KISS dazzles at Youngstown's Covelli Centre
Rock and Roll Hall of Famers deliver rock 'n' roll spectacle
By BJ Lisko / www.cantonrep.com
KISS frontman Paul Stanley sauntered his way to the microphone with the trademark Starchild strut. The 2014 Rock and Roll Hall of Fame inductees were approaching the end of their near capacity concert Friday night at Youngstown’s Covelli Centre.
“What you hear is all four of us,” Stanley said. “There are no tracks here, ’cause we’re a rock ’n’ roll band.”
The KISS Army attended in full force to see the iconic theatrical group blow off multiple pyrotechnics, fireballs and confetti as well as breathe fire, spit blood and fly up and through the arena in what is still arguably the best live rock show going. Underneath the wildly entertaining spectacle, however, was as Stanley said: A rock ’n’ roll band, and a very good one at that.
KISS performed nearly two hours of its most well-known songs including “Detroit Rock City,” “Deuce,” “Beth,” “Rock and Roll All Nite,” “Lick It Up” and “Love Gun,” among others. Musically, the band (comprised of guitarist/vocalist Stanley, bassist/vocalist Gene Simmons, guitarist/vocalist Tommy Thayer and drummer/vocalist Eric Singer) is as tight as its ever been. Vocally, Stanley doesn’t quite hit all the notes he once did, but the group’s band mentality was on full display with Simmons, Thayer and Singer joining in on nearly every song to help cover KISS’ familiar melodies.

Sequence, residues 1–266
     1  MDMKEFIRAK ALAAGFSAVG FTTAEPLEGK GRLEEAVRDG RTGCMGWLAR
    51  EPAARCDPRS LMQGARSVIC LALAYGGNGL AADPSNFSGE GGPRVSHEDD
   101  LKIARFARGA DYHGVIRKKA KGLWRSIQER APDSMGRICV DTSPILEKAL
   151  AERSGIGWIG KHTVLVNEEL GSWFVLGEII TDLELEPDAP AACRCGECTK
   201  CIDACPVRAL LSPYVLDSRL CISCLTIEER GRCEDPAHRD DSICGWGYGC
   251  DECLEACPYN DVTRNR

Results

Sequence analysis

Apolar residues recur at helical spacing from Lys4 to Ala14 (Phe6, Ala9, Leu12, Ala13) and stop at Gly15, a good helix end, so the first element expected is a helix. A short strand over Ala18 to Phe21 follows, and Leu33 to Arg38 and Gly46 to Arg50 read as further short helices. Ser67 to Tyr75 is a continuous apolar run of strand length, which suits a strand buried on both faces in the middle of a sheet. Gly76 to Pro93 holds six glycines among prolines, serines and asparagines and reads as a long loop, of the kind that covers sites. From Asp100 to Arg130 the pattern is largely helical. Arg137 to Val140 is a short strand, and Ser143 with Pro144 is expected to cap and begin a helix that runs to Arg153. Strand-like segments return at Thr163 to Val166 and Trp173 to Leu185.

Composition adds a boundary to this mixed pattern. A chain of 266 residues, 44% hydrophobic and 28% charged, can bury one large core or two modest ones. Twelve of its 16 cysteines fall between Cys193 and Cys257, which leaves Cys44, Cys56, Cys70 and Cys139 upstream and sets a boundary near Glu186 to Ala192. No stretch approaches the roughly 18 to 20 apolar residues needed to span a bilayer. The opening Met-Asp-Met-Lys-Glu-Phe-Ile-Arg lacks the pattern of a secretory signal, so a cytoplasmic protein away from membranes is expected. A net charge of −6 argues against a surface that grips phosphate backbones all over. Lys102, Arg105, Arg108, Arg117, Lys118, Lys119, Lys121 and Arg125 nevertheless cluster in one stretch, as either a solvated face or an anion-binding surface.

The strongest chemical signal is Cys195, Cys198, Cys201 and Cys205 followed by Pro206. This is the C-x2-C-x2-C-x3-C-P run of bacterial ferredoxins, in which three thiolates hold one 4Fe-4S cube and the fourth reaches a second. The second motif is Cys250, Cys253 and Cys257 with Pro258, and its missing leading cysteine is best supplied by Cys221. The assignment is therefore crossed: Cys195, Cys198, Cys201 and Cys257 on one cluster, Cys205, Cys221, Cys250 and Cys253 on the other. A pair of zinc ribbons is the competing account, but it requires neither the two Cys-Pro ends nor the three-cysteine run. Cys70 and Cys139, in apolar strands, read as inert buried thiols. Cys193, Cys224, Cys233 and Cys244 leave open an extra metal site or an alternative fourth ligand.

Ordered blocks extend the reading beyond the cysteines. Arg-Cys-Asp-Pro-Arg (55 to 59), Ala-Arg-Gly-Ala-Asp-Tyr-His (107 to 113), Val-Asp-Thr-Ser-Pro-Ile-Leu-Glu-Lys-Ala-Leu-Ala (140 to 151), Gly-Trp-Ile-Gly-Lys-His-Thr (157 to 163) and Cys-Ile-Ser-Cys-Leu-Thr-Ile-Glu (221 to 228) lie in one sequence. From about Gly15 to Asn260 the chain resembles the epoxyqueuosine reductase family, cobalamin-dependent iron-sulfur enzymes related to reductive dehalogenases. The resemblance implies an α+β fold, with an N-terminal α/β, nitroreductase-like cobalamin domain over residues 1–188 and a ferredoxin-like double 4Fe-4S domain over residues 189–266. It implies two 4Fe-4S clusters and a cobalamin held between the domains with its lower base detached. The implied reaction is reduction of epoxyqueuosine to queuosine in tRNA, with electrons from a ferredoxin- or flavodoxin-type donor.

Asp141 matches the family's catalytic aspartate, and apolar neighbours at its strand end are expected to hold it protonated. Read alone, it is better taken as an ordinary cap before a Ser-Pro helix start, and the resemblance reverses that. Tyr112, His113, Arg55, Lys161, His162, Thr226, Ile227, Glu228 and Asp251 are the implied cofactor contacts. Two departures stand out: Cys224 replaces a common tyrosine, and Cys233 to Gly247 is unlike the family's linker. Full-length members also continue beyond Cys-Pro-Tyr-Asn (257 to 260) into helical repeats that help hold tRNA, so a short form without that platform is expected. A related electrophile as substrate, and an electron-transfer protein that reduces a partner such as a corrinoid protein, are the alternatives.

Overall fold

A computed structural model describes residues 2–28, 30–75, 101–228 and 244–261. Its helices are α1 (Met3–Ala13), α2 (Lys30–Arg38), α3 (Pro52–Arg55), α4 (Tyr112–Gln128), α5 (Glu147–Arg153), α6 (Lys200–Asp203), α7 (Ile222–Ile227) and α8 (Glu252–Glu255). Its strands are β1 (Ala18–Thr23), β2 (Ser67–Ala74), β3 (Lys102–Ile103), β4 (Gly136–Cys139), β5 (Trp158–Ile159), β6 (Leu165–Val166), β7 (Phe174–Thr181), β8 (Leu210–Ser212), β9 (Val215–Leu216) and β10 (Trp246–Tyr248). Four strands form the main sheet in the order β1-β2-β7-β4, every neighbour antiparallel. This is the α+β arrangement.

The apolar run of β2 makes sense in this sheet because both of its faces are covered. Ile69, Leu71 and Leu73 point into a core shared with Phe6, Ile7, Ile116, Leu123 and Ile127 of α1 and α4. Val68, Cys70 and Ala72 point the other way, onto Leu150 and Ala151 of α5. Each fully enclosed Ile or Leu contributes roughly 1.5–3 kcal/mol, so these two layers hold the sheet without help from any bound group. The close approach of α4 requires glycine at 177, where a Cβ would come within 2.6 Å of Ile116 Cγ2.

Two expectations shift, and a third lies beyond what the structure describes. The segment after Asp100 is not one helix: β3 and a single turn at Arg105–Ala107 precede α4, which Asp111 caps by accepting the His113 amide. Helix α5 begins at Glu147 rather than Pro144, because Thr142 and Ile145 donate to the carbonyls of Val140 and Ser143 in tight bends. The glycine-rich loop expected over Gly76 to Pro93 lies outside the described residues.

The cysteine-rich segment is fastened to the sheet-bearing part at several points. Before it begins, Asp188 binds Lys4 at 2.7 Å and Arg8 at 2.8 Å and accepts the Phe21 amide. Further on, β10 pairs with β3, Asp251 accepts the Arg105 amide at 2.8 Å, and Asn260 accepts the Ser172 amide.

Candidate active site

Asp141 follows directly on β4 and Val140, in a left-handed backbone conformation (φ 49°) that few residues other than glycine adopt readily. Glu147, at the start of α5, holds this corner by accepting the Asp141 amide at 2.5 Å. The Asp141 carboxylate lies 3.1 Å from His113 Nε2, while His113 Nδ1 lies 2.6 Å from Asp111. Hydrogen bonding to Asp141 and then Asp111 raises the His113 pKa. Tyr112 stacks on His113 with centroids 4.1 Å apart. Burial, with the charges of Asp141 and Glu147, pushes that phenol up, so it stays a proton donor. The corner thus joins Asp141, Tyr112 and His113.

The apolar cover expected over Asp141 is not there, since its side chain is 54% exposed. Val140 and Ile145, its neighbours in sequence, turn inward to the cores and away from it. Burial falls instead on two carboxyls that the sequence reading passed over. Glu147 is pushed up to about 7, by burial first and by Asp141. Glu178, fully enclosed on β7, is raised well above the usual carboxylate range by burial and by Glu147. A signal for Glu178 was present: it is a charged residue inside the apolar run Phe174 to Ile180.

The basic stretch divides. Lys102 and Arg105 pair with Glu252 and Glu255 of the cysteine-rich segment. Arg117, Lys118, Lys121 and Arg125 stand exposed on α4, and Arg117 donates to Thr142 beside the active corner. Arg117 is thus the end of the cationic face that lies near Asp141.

More than 40 years of singing and stage banter will do that to a person, but Stanley also ably sang his way around the original notes he couldn’t quite hit by occasionally altering the delivery, and judging by the ecstatic response, no one seemed to mind.
At one point in the show, Stanley asked the audience, “How many people are seeing Kiss for the first time?” Surprisingly, more than half of the crowd raised their hands — a testament to the fact that KISS’ music and message continues to resonate, inspire and garner new followers.
“That’s OK,” Stanley replied. “Everyone remembers their first KISS.”
Friday’s show was another on the band’s “Freedom to Rock” tour, which according to Stanley, has raised more than $150,000 for military veterans. The tour also focused on bringing the KISS spectacle to cities it hadn’t played in more than 10 years or at all. Friday’s Youngstown show marked the first time since 1974 that KISS had performed in the city.
As the band played the final bars of “Rock and Roll All Night,” confetti covered more than half of the Covelli Centre, while Simmons and Thayer were lifted high above the audience, practically to the ceiling. Simmons looked down, flashed his giant tongue and his blood-stained lips curled into a smile.
“Is it OK if we come back, Youngstown?” Stanley asked.
Given the reaction he got, it would be a shock if the band didn’t.